Moving Long Distance? Here’s How to Prepare Your Plants

Moving is a hard task, and bringing your plants along can create more hassles. You might find it hard to leave your plants behind since they have sentimental value, or you have watched them grow since they were seedlings. Before you pack the plants, bear in mind that they are living organisms that breathe, and they, therefore, need special care.

The following are tips for transporting plants to ensure they survive the long trip to your new property.

Know state guidelines

If you are moving from one state to another, it is essential to know the laws and regulations set by the state regarding the importation of plants. There are federal agencies that work closely with the United States Department of Agriculture in regulating the introduction of plants to different states to minimize the spread of hazardous diseases and pests. Some state laws only support the entry of potted indoor plants planted in a specific soil type. Before moving your plants from your garden and packing them to move to your new home in a different state, it is advisable to research the laws and regulations of that state. Some states only allow entry of potted and indoor plants in sterile soil. Some plants may be subjected to inspection and the ones that do not meet the legal requirements can be confiscated. If you are moving from one state to another, look at the state guidelines at the Department of Natural Resources for every state you are driving into or through.

Growing conditions

Different plants react differently to the climatic conditions of an area. Check if the climate is suitable for your plants in your new home. The climatic conditions to consider include:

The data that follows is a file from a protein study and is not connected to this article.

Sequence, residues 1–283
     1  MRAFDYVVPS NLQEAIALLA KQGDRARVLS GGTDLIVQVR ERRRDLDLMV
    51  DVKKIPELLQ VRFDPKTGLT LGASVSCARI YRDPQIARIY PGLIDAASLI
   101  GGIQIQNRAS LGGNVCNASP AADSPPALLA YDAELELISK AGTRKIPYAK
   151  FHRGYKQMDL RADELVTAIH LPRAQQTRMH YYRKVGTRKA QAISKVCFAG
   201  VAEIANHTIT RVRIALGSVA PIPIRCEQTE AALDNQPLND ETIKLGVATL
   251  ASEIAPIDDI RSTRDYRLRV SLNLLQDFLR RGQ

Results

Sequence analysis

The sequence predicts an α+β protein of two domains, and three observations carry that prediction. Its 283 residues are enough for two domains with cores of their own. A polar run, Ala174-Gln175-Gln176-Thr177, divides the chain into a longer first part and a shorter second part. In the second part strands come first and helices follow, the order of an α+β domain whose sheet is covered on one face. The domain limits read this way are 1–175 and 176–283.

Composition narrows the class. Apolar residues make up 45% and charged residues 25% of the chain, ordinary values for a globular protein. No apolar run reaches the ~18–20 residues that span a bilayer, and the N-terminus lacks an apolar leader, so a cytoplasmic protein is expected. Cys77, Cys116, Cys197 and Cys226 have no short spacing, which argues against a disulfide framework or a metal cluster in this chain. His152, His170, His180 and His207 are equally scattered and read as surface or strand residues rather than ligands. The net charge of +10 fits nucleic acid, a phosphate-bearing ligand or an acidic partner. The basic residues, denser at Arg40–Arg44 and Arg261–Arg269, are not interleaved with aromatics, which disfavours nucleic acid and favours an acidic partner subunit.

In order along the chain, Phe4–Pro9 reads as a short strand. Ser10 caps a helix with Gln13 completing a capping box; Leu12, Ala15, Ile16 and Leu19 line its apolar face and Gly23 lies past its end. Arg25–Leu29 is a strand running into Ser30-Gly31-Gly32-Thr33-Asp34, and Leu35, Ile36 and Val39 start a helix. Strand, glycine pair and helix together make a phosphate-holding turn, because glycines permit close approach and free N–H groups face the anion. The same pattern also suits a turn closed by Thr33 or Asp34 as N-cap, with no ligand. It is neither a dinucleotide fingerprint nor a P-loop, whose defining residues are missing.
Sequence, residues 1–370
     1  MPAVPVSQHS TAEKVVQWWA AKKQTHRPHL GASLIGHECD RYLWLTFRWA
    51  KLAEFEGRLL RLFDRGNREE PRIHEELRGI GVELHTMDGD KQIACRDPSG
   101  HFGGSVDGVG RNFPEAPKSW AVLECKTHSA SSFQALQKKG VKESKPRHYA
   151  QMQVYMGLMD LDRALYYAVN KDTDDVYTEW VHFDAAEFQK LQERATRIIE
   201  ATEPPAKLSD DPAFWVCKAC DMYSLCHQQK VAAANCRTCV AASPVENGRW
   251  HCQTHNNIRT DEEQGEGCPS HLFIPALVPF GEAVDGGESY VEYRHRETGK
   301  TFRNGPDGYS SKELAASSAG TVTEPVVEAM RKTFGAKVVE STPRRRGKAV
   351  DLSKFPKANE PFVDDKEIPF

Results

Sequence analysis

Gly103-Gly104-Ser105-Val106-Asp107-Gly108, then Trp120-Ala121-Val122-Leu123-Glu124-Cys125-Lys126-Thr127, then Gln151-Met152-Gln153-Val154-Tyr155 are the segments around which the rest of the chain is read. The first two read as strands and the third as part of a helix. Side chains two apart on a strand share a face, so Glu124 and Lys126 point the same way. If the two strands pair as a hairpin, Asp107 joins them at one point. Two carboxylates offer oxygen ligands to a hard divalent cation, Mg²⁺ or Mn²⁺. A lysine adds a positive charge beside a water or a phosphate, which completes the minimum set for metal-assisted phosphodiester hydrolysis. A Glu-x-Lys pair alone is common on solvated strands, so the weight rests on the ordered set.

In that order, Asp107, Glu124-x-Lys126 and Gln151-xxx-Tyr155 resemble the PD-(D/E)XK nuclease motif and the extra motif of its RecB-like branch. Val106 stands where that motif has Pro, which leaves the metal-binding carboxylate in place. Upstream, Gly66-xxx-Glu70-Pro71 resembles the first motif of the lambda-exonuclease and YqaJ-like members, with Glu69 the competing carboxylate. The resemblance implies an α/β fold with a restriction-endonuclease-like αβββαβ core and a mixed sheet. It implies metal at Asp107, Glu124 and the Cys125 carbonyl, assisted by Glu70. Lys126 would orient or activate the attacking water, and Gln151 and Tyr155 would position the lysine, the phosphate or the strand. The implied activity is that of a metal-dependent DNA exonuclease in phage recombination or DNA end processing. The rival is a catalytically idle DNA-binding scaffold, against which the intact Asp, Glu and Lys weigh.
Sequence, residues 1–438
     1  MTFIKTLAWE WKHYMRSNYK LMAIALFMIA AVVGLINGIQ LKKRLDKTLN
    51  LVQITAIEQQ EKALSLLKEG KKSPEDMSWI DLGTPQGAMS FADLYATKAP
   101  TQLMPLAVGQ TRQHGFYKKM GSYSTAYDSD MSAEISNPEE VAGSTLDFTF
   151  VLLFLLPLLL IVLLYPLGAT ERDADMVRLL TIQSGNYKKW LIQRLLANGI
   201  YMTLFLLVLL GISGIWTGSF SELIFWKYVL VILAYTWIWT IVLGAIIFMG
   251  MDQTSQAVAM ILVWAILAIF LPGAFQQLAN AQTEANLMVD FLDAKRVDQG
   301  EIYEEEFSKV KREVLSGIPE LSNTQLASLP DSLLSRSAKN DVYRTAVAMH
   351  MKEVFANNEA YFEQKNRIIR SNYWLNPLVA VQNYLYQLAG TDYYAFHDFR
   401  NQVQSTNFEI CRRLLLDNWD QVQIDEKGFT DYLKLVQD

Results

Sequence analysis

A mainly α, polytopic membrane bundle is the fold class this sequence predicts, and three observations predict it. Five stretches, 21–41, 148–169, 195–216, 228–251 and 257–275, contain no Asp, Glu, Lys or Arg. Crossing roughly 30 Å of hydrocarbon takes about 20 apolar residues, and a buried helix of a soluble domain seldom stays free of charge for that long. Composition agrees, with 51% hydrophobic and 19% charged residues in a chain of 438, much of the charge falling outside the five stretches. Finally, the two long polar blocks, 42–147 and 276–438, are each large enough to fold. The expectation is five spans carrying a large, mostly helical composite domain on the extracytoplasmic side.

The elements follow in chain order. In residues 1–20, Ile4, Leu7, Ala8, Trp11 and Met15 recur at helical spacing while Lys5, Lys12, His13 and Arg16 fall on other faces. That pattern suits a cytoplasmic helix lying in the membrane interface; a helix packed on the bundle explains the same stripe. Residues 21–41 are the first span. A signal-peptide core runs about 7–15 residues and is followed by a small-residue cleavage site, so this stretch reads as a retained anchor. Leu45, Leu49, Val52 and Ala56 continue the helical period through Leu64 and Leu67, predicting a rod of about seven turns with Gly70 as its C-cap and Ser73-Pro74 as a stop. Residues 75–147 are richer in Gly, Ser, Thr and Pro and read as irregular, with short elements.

• Moist or dry place
  • Availability of sunlight
  • Frequency of rainfall

If by any chance the conditions are not favorable for your plants, it is better to leave them with your family, friends or donate them to your local nursing home.


Prepare the plants for transit a few weeks before relocating. Clean them properly to reduce stress from dead branches, leaves, and other disease-causing factors.

Eliminate pests

Check if your plants host pests a week before moving. If few pests are present, use effective insecticides to eliminate them. Taking pests with you will risk your plant’s health. If the new home is not infested with the same pests, removing them will break their cycle, creating a suitable environment for them to grow.

Pack your plants in suitable containers

The supplies you need to pack your plants appropriately include:

  • Sterilized potting soil
  • Bubble wrap
  • Newspaper or packing paper
  • A sturdy moving box
  • Plastic pots that you can use instead of clay pots during transit
  • Paper towels for cuttings
  • Plastic ties and bags
  • Flea collars

Cardboard boxes are suitable for most plants since they are breathable and sturdy. Use packing paper or a dampened newspaper to position the plants in cardboard boxes. Use a newspaper to protect the leaves and float a damp layer of thin paper on each plant. The coating will protect the plants from dust or any other unnecessary contact with the environment.

Provide your plants with water

Keeping plants comfortable is tough. Water your plants properly, depending on the current weather. If you move during the summer, you have to water the plants regularly during the journey. And if you are moving during cold and wet times like in the winter, water them only once in a few days before traveling to make the soil moist, not porous.

When moving with your plants, you need to prepare them. Proper preparation can guarantee that the plants will arrive at the destination while healthy and intact. When preparing your plants, research on the laws set by the state you are moving to so that you can import your plants correctly and avoid dealing with legal issues.

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